AdaBoost Pseudocode TrainAdaBoost(D, BaseLearn) For each example di in D let its weight wi=1/|D| Let H be an empty set of hypotheses For t from 1 to T do: Learn a hypothesis, ht, from the weighted examples: ht=BaseLearn(D) Add ht to H Calculate the error, εt, of the hypothesis ht as the total sum weight of the examples that it classifies incorrectly. If εt> 0.5 then exit loop, else continue. Let βt = εt / (1 – εt ) Multiply the weights of the examples that ht classifies correctly by βt Rescale the weights of all of the examples so the total sum weight remains 1. Return H TestAdaBoost(ex, H) Let each hypothesis, ht, in H vote for ex’s classification with weight log(1/ βt ) Return the class with the highest weighted vote total.
Learning with Weighted Examples • Generic approach is to replicate examples in the training set proportional to their weights (e.g. 10 replicates of an example with a weight of 0.01 and 100 for one with weight 0.1). • Most algorithms can be enhanced to efficiently incorporate weights directly in the learning algorithm so that the effect is the same (e.g. implement the WeightedInstancesHandler interface in WEKA). • For decision trees, for calculating information gain, when counting example i, simply increment the corresponding count by wi rather than by 1.
Experimental Results on Ensembles(Freund & Schapire, 1996; Quinlan, 1996) • Ensembles have been used to improve generalization accuracy on a wide variety of problems. • On average, Boosting provides a larger increase in accuracy than Bagging. • Boosting on rare occasions can degrade accuracy. • Bagging more consistently provides a modest improvement. • Boosting is particularly subject to over-fitting when there is significant noise in the training data.
DECORATE(Melville & Mooney, 2003) • Change training data by adding new artificial training examples that encourage diversity in the resulting ensemble. • Improves accuracy when the training set is small, and therefore resampling and reweighting the training set has limited ability to generate diverse alternative hypotheses.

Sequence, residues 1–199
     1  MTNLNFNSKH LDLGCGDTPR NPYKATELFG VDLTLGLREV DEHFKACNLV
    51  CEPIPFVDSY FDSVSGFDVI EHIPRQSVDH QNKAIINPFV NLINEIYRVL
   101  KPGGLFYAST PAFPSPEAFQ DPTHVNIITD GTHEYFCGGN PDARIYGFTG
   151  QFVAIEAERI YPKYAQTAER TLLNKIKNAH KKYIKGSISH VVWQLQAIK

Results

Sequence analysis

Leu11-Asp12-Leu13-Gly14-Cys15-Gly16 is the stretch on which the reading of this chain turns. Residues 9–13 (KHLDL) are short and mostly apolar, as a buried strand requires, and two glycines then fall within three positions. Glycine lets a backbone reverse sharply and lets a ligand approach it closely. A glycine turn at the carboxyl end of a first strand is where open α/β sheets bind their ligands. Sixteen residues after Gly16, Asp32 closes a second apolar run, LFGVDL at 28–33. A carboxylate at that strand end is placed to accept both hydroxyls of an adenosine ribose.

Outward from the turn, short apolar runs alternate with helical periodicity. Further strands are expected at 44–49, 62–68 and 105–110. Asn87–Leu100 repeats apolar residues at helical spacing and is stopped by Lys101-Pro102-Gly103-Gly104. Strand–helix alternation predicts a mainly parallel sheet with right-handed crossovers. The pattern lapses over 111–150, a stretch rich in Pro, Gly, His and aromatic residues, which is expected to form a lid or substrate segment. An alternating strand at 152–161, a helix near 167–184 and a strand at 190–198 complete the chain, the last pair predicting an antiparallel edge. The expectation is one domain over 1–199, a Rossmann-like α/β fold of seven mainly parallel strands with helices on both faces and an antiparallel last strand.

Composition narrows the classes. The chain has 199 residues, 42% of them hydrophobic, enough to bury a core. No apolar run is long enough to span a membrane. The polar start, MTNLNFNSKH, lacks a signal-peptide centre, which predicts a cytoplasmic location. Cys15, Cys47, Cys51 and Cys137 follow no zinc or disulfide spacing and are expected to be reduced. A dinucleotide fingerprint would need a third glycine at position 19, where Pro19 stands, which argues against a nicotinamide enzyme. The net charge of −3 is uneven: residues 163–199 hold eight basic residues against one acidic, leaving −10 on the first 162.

C1 + + - + - Overview of DECORATE Current Ensemble Training Examples + - - + + Base Learner Artificial Examples
C2 - + - - + - - - + + Overview of DECORATE Current Ensemble Training Examples + C1 - - + + Base Learner Artificial Examples
C3 Overview of DECORATE Current Ensemble Training Examples + C1 - - + + Base Learner C2 - + + + - Artificial Examples
Ensembles and Active Learning • Ensembles can be used to actively select good new training examples. • Select the unlabeled example that causes the most disagreement amongst the members of the ensemble. • Applicable to any ensemble method: • QueryByBagging • QueryByBoosting • ActiveDECORATE
+ + - + - + + - + Active-DECORATE Unlabeled Examples Utility = 0.1 Current Ensemble Training Examples C1 C2 DECORATE C3 C4
0.3 0.2 0.5 + + - + - + - - + - Acquire Label Active-DECORATE Unlabeled Examples Utility = 0.1 0.9 Current Ensemble Training Examples C1 C2 DECORATE C3 C4
Issues in Ensembles • Parallelism in Ensembles: Bagging is easily parallelized, Boosting is not. • Variants of Boosting to handle noisy data. • How “weak” should a base-learner for Boosting be? • What is the theoretical explanation of boosting’s ability to improve generalization? • Exactly how does the diversity of ensembles affect their generalization performance. • Combining Boosting and Bagging.